What do great leaders have in common?


Leadership is about so much more than just telling people who to do and how to do it.

Great leaders are few and far between, likely because of the way modern companies are built.

Staff turnover is higher and people are less likely to stay in the same role for years and years. As a result, it’s harder for leaders to build a reputation within a company and to grow with a team. That said, it isn’t impossible to do.

Companies place greater emphasis placed on promoting people before they are ready. Young organisations make the mistake of assuming the title of “manager” will allow people to manage effectively, or the title of “leader” will allow them to lead. In reality, good management and good leadership are about so much more than this. It takes years to become a great leader and not everyone what it takes to achieve this status. Here are six attributes that all great leaders have in common.

They earn trust rather than demand it

No one will follow someone they don’t trust, but trust is something that has to be earned, rather than demanded. Building trust takes time and a genuine understanding of what individual people respond to. Many managers resort to demanding trust by reminding their team that they alone have the final say, but this form of leadership is destined to fail.

If your team see any weaknesses, this will instantly undermine their trust in you. However, if a leader has taken the time to earn the trust of their team, they will be transparent in their approach and build lasting working relationships as a result.

They lead by example

Being a great leader within an organisation means leading by example. If you want your workers to take their work seriously, then you need to take your work seriously. If you want to be trusted to work from home, then your workers should be trusted to work from home. Demanding unreasonable standards from your team without being able to uphold these standards yourself is a surefire way to fail as a leader. Great leaders always lead by example. A common complaint that workers have is that their bosses have no idea how much work they have to do, so a great leader will take the time to get to know their day-to-day struggles and help find ways to make things easier.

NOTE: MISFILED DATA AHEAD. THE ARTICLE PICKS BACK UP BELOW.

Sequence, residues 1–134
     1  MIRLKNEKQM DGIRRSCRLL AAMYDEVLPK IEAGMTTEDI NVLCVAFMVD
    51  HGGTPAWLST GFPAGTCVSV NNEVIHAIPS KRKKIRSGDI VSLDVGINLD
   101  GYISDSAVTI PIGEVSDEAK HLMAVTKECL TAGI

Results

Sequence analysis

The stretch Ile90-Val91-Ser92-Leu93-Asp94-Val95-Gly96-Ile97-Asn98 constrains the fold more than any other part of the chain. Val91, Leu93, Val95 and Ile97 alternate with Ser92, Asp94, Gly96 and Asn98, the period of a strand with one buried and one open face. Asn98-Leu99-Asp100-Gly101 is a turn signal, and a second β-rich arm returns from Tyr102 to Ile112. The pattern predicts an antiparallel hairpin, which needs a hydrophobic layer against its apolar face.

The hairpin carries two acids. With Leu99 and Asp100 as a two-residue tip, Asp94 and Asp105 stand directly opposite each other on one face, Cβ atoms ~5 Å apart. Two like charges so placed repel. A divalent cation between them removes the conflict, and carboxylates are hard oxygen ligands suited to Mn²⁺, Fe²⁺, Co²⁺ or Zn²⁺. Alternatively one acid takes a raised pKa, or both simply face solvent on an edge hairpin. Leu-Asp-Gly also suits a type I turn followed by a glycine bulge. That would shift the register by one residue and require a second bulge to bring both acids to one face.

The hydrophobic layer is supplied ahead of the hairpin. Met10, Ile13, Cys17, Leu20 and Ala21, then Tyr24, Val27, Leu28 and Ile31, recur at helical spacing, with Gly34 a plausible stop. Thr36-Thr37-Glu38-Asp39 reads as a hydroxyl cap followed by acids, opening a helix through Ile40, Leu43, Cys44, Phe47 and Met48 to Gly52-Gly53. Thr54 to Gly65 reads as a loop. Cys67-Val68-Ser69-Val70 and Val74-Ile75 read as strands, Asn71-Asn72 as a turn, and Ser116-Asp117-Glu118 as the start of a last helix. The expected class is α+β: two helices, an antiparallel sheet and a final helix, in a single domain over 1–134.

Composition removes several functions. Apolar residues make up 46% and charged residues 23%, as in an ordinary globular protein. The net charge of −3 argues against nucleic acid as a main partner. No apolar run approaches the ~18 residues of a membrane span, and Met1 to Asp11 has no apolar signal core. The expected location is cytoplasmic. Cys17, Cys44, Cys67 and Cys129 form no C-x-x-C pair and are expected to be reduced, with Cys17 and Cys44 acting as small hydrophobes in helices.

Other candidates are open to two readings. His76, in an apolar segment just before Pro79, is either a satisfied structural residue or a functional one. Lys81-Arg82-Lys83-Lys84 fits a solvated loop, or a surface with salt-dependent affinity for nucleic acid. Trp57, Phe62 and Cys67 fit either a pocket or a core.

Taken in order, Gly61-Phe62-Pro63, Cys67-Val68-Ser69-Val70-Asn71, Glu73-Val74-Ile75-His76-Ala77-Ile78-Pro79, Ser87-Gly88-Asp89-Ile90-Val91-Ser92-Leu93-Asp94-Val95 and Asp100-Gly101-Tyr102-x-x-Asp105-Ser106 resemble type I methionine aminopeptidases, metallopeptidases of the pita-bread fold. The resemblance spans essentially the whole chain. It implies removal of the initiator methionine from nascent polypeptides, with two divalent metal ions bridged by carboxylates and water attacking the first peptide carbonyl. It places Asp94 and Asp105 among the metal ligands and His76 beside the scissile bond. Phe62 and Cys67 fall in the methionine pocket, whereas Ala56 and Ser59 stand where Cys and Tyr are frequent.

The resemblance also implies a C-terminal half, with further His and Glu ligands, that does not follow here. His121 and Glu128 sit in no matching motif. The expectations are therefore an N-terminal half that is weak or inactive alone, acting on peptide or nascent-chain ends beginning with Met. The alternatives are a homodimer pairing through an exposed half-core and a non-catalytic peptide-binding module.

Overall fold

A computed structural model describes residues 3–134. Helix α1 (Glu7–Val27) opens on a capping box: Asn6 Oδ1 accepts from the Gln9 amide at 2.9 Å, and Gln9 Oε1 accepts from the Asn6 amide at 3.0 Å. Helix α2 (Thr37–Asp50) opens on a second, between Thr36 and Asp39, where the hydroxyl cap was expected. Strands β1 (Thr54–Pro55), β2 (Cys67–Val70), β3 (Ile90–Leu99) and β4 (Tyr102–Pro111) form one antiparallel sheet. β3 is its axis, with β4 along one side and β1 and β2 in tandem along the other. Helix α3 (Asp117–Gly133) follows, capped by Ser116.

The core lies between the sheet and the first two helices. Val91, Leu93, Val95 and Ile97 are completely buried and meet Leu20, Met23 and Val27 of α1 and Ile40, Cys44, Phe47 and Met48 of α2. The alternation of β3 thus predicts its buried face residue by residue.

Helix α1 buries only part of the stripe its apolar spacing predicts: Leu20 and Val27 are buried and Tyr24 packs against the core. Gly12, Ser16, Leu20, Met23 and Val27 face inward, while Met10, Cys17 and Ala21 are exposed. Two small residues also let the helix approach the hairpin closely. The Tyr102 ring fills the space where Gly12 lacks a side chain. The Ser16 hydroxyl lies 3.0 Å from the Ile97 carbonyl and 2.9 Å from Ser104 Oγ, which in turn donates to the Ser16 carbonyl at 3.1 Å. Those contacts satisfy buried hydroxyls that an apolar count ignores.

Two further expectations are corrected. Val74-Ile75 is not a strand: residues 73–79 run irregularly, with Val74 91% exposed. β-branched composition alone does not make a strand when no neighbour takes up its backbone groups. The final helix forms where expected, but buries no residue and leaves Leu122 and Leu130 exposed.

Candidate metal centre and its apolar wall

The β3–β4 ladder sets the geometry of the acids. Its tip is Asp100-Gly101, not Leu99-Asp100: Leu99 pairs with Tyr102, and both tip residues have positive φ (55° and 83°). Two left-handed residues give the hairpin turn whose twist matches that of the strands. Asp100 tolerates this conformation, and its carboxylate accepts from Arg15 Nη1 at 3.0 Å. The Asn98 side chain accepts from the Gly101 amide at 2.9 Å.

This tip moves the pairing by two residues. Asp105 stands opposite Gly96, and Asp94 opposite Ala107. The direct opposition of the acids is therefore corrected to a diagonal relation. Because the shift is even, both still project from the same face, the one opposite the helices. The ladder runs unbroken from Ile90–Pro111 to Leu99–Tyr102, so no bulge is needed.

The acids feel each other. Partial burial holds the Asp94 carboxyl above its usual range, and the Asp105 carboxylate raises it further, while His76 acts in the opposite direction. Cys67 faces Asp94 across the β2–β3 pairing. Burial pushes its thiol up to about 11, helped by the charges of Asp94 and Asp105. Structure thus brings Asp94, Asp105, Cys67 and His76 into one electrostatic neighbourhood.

They see the individual strengths in people

Treating a team as a group of people instead of individuals with individual goals is a mistake that many poor leaders maker. You might be managing a large team, but failing to get to know the people on that team could lead you to miss out on key opportunities. People love to be able to use their strengths in the workplace, but they don’t want to have to sing their own praises. Instead, people like someone to take interest in them and ask what they would like to work on. This is one of the best ways that great leaders can make the most of their team.

They build a sense of vitality

People need to feel excited about the work they are doing, day in, day out. Great leaders know that it is down to them to create this sense of vitality within the workplace. People need to find a purpose in the work they are doing in order to stay engaged, and great leaders know how to make this happen. For example, a great leader within an event recruitment agency would prioritise finding great new role openings and great new candidates over the actual placements. This is the only way to allow the recruitment team to focus on getting the best possible results instead of just hitting targets.

They are capable of producing extraordinary results

Most of the traits seen above relate to the team and how great leaders can benefit them. For higher management within an organisation, great leaders are often characterised by the extraordinary results they generate. Looking beyond sales targets or other important company metrics, great leaders are able to reduce staff turnover by keeping the team motivated, develop the team by inspiring them with training and create a healthy and happy place to work. All of this adds up to incredible results for the company.

They share their success with others

A common trait of poor leaders is that they like to take credit for everything. They assume responsibility for everything because they see themselves as “in charge”. Great leaders know that nothing would be achievable without the smaller cogs in the machine. It’s through working together that amazing things can happen. In contrast, poor leaders will take credit for their work and the work of others. They will also leverage this success to get a better deal for themselves, such as a pay rise of better benefits. Great leaders will want to see their team rewarded for their hard work and will advocate for everyone below them.